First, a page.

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Where do you see the field of History ending up in 20 years with the influx of more technology into not only research but displays and relaying information?

I ask because I hope to work in the museum field someday as a curator and with the influx of new technology of course there will be changes in how we research and display new artifacts. #history #museums #museum-collections #educational-technology

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Victoria’s Answer

Hi Joshua, this is such a great question!!!

Technology is literally going to change museums, displays, interaction with artifacts, and research as we know it.
Big data is going to allow you to search archives and libraries that you couldn't possibly read in 100 life times.

I have included links to the Verizon website below that show how technology is transforming how journalists and historians communicate history, culture, and urgency. Please check out Bryn Mooser on virtual reality cameras and 360-story telling. Then imagine yourself curating his work:

Check out these virtual reality links below to see how virtual reality is becoming incorporated into our daily lives and education. Many times technology starts as a novelty or a game or something to be seen at an expo or world's faire; the next generation starts to see practical applications to everyday life, and the third generation actually uses the technology for work seamlessly (we've gone from horses, to cars, to rockets in 100 years - where will we go next?).

Technology adoption is accelerating very fast. This is due to high speed computing, big data, micro processing, the Internet, and social media. You are literally living in an Information Renaissance.

In the past, historians studied vellum, paper, and papyrus. Museums used static exhibits to show faraway animals, costumes, books, and artifacts. These next links show how virtual reality and big data will rewrite our stories, the way we communicate information, and the way we understand the universe. Imagine yourself curating drones, or giving a virtual tour of mars or the bottom of the ocean.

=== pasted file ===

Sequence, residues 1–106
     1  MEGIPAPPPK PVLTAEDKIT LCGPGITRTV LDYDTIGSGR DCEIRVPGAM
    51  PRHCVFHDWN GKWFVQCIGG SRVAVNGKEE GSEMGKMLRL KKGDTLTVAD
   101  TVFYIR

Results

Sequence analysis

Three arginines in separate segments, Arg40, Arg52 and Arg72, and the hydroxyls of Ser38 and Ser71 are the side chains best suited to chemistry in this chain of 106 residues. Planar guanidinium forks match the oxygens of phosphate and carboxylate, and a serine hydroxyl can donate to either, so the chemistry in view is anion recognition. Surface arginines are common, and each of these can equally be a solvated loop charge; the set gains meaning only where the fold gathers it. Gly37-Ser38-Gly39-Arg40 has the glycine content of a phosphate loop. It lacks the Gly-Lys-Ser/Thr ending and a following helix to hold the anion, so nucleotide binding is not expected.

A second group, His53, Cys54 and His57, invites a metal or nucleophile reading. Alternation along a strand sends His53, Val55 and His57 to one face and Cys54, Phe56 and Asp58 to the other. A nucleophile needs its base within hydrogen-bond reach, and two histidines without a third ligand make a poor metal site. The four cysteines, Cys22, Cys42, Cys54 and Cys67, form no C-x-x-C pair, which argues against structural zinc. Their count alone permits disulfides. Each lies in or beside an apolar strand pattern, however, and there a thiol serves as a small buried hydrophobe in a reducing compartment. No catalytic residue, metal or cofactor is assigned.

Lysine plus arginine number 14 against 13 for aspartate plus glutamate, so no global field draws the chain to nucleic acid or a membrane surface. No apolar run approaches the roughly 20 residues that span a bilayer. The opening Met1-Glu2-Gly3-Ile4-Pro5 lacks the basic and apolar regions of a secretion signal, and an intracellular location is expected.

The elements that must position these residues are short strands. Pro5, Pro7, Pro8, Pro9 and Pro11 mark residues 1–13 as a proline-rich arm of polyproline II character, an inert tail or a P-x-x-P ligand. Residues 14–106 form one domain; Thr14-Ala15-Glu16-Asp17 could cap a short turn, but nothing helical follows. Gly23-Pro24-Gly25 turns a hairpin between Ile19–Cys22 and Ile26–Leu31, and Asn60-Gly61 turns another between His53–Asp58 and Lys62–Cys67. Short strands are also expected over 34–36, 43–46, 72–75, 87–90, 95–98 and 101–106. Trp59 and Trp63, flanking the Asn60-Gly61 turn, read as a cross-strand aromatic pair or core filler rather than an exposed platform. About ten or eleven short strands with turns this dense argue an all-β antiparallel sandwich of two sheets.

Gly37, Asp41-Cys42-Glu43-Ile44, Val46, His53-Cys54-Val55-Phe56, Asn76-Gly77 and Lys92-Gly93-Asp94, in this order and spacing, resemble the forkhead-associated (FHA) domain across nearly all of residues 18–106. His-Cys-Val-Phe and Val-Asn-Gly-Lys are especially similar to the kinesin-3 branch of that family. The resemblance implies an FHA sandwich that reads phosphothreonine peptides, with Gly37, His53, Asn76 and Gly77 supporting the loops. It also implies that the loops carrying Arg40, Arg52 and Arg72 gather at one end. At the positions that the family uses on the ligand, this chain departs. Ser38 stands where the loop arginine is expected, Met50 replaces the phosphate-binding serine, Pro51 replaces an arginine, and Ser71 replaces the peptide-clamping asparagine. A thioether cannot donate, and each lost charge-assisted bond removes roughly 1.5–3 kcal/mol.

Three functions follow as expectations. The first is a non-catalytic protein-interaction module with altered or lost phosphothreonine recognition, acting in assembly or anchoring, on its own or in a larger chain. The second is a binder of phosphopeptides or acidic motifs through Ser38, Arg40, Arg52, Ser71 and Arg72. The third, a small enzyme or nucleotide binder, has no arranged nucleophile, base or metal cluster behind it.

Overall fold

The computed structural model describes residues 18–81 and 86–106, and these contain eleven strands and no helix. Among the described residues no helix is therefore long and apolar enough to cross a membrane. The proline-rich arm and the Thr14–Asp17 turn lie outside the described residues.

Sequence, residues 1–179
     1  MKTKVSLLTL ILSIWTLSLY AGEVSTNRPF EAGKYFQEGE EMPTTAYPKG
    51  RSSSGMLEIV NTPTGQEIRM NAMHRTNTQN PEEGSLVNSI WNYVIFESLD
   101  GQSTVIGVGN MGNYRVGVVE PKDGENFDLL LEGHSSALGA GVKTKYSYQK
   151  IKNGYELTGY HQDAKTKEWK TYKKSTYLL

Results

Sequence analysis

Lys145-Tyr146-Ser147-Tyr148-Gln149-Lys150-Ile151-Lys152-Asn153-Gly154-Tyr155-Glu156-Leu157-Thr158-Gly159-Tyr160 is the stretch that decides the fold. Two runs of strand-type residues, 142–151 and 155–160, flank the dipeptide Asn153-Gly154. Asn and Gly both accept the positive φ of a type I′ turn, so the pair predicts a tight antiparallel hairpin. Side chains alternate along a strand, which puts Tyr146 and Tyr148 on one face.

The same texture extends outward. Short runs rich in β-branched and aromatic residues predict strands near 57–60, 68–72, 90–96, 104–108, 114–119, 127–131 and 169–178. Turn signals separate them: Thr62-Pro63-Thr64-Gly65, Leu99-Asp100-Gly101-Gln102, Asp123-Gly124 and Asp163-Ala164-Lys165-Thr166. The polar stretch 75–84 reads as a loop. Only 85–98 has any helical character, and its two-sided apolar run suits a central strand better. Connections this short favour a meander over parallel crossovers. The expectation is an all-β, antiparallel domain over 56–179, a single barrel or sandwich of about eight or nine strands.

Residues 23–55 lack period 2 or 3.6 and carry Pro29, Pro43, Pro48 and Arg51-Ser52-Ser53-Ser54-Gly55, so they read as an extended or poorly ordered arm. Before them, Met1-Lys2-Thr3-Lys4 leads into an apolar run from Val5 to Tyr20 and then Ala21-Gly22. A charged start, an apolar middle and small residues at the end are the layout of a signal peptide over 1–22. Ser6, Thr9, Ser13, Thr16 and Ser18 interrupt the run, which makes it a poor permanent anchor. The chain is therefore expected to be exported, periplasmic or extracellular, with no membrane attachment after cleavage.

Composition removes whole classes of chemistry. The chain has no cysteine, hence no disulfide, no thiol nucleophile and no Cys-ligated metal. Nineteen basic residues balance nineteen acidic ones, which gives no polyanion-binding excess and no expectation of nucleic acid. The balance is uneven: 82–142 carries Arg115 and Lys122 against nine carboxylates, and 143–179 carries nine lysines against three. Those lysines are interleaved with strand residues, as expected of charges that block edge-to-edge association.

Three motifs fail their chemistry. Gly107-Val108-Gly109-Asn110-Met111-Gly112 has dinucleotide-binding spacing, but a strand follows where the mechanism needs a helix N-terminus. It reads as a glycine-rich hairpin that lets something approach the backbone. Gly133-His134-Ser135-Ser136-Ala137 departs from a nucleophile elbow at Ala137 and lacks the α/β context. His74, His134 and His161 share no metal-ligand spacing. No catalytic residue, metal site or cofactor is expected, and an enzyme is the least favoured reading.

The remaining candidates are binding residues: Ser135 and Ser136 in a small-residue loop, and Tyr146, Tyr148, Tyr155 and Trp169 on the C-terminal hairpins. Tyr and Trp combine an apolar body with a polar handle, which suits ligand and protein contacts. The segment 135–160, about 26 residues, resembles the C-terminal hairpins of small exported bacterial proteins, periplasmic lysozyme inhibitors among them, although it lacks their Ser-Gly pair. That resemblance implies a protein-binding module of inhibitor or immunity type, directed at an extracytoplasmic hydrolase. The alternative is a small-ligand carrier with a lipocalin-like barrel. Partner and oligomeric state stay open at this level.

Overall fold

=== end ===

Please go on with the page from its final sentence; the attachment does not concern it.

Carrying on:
Let's look at some very cool science museums and the types of exhibits they are offering the public:
The Perot Museum in Dallas has an amazing space exhibit right now and a GEM collection that is exceptional:

Another amazing science museum is the Museum of Science and Industry in Chicago. Incredibly, this museum has done a great job of embracing the latest technology of the time and offering hands on experiences in an applied science format.

Dallas actually has a video game museum which charts our history of gaming. Multiple generations are able to share a game and remember how this area evolved.

Truly amazing in the fact that it charts the history of history is the project to digitize the Vatican Library in Italy: The project aims to digitize the entire Library's collection of manuscripts: 80,000 codices (excluding the archival units) mostly from Middle Age and Humanistic period. The project, started in 2010, focuses on two purposes: the long-term preservation of high resolution images and the online digital library.

There are some incredible museums in your own backyard: Houston has some fabulous art, science, and cultural opportunities:

The fact that you are asking this question, shows your ability to literally see the future and how museums will evolve to make a connection to the public. Please consider studying STEAM careers (Science, Technology, Engineering, Arts, and Math) as your major, even if you choose history, so that you combine the arts/letters with a solid understanding of the technologies that will best communicate these new ideas.

One last link shows you how important your role is for the future. In this new economy filled with amazing technology, museums are going to play a vital roll in bridging the digital divide for all kids. We cannot leave anyone behind - everyone is going to need to access the information age. Access to knowledge will be critical in an information society and you will provide a vital service to Houston and Houston schools. There are approximately 9 million available STEM jobs – and over 4 million available jobs in science and technology alone TODAY. So kids will need access to education and resources that prepare them for success in a high-tech world. Museums showcase technology in a hands on environment and spur imagination.

Consider volunteering to help museums (and schools) bridge this gap and meet in the middle. This would be such an important contribution to the Houston community and something I think you could pitch to a variety of museums.

Will you please keep us posted on your work.
I think you will love this field and I can't wait to see what great museum experiences you will create.

history museums museum-collections educational-technology stem